If you're new to plant-based eating and are confused about how to shop as a vegan, I hope this introductory post will help. Read on for more!
I often get asked about how to shop as a vegan and how I manage to cook regularly and make tasty meals throughout the week.
The answer is that it's all in the shopping! Whether they're fresh, frozen or dried I always make sure I have the store cupboard essentials on hand so that I can whip up a meal in no time.
Below, I've listed my top 5 shopping tips, followed by a sample vegan shopping list - this contains items I usually have in my pantry, fridge or freezer and items that most of my recipes are made from.
Dried, pantry and frozen items really are the key here - it doesn't matter if you've run out of fresh vegetables, if you've got some dry pasta, a tin of crushed tomatoes and some frozen spinach you can always make a healthy, tasty meal.
The list isn't exhaustive so feel free to buy as much or as little from it as you like, as we all have different tastes.
When it comes to dry goods, you definitely don't need to buy all these at once - it's taken me a long time to build my pantry up!
By all means, stock up on them gradually when you're doing your weekly shop, and eventually you'll find you've built up quite a store.
HOW TO SHOP AS A VEGAN - 5 TIPS
I recommend doing a big shop once or twice a week, rather than popping out whenever you need ingredients. It makes you more efficient and takes up less time.
You'll also find you're encouraged to plan ahead more this way - thinking about what you want to cook first instead of just impulse buying!
USE A LIST
Write a rough meal plan for the week and create a shopping list from that. Then stick to it!
I find if I decide what meals I'm going to make in advance it's much easier to plan what ingredients I need to buy. No more ending up with that mouldy bunch of radishes I just couldn't figure out a use for!
DON'T SHOP HUNGRY
It goes hand in hand with point 2, but don't shop on an empty stomach. When you're hungry EVERYTHING in the supermarket looks appealing and you'll put all kinds of stuff in your basket.
If you shop after eating you'll have a clear head and won't be so tempted by #allthesnacks. Trust me. 🙂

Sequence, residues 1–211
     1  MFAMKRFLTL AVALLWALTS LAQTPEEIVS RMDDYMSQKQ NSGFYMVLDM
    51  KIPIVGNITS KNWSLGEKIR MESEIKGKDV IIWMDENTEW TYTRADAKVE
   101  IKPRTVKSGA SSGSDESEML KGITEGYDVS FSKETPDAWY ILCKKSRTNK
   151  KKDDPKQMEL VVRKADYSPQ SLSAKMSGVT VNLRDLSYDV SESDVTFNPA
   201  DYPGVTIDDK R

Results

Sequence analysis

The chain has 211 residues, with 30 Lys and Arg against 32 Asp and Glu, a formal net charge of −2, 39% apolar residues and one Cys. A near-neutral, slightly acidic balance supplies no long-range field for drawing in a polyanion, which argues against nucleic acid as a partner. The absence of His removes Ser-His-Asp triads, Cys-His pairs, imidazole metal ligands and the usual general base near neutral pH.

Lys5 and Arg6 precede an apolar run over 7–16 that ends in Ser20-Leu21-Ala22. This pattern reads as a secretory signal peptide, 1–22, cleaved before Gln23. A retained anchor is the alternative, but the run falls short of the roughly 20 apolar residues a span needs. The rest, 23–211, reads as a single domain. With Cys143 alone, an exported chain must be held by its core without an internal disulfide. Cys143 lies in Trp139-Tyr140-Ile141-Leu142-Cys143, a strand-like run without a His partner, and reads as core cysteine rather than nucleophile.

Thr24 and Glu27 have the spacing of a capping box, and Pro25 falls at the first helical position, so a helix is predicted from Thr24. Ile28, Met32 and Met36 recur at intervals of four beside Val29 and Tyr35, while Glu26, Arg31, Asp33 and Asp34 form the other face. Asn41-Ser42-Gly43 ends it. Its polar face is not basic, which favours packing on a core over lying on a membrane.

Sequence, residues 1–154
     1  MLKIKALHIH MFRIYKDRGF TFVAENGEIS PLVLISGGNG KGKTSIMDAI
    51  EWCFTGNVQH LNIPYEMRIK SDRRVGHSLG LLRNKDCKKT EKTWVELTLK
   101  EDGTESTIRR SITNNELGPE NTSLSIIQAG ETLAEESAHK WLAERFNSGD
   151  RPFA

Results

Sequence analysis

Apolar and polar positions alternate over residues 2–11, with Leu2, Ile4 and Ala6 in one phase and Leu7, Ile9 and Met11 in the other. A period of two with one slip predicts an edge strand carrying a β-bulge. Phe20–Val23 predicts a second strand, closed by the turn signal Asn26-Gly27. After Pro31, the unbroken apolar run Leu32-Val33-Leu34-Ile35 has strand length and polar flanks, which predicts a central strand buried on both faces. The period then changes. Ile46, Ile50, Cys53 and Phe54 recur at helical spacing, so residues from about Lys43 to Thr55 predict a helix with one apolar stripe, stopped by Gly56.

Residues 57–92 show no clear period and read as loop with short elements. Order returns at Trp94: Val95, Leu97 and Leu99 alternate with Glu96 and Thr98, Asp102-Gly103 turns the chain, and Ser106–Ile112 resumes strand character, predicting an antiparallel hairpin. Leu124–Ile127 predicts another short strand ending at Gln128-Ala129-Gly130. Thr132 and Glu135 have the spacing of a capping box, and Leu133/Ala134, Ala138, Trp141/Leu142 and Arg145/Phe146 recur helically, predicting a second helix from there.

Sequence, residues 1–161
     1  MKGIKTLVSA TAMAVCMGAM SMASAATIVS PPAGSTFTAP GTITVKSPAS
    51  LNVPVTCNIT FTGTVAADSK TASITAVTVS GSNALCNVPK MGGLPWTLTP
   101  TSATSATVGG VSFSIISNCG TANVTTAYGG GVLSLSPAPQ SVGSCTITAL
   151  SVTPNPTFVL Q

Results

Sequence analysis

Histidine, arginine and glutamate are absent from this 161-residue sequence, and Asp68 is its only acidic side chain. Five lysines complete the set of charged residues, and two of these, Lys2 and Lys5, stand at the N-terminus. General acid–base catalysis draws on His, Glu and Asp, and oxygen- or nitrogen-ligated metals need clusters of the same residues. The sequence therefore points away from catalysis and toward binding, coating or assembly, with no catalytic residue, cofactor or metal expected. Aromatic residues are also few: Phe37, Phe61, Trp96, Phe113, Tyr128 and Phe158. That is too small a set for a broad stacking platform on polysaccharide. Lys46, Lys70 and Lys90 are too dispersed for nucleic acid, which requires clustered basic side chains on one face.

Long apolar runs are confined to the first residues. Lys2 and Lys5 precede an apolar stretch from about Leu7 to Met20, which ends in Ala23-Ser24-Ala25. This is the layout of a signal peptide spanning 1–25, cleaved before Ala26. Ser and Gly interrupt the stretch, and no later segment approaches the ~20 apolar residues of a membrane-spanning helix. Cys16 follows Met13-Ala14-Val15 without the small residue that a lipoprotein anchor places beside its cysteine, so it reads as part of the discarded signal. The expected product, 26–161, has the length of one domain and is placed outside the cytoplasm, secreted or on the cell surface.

BUY GOOD QUALITY
There's no denying it, food is pricy and it's sometimes tempting to buy the cheapest ingredients possible, but in my experience you get what you pay for and it's worth spending more on a few items.
Take coconut milk for example. Buy the cheapest and you'll end up with a watery liquid that tastes of nothing, but buy the best you can and it will transform stews, curries and ice cream into creamy delicious!
It changes from country to country, but in Canada prices of food can vary wildly. Organic bananas range from $0.79 per lb to about $1.29, depending on the store!
It's a big difference, but the lesson is this: shop around for the ingredients you buy regularly. You'll save a lot of money if you learn what to buy from which store.
SAMPLE SHOPPING LIST
Use this sample list below as a guide for your grocery shopping. You don't need to buy everything on it, but these ingredients will form the base for many nourishing dishes and will ensure you're always well-stocked and able to make meals.
- Greens - kale, spinach, chard etc.
- Apples or pears
- Peppers - I love red bell peppers as they're so high in vitamin C
- Lemons and limes - for salad dressings and to add to smoothies and juices
- Red Cabbage
- Herbs - parsley, basil, mint etc.
- Berries - strawberries, blueberries, raspberries (anything in season)
- Vegan cheese
- Coconut yoghurt
- Superfood powders - chlorella, spirulina, maca, protein powders etc.
- Berries - raspberries, blueberries, strawberries, blackberries etc.
- Beans - chickpeas, black beans, adzuki etc. (I like to cook big batches and freeze them)
- Frozen veggies - spinach, peas, sweetcorn
- Bread (because who can get through a whole fresh loaf without it going off?!)
- Good quality veggie sausages and burgers
- Miso paste
DRY & PANTRY
- Tinned beans
- Dried lentils
- Coconut milk
- Pasta and noodles
- Whole grains - brown rice, quinoa, millet, teff, wild rice etc.
- Crushed Tinned Tomatoes
- Sundried tomatoes
- Herbs and spices - turmeric, cumin, chilli powder, garlic powder etc.
- Good quality sea salt and black pepper
- Vegetable stock cubes
- Oils - olive, coconut, avocado, coconut butter/manna etc.
- Soy sauce, tamari, Braggs Soy Seasoning
- Vinegar - apple cider and balsamic
- Seeds and nuts - chia, hemp, flax, almonds, walnuts, cashews, pumpkin seeds etc.
- Dried fruit - goji berries, raisins, apricots, prunes, figs etc.
- Nut and seed butters - almond, peanut, sunflower, hazelnut etc.
- Dessicated or ribboned coconut
- Sundried tomatoes
- Nutritional yeast
- Flours - chickpea, brown rice, buckwheat etc.
- Baking ingredients - baking soda, vanilla essence, xanthan gum etc.
- Rolled oats
- Sweeteners - maple syrup, coconut nectar, coconut sugar, agave
- Dark chocolate, cacao/cocoa powder and cacao nibs
- Seaweed - nori, kelp, kelp noodles, dulse flakes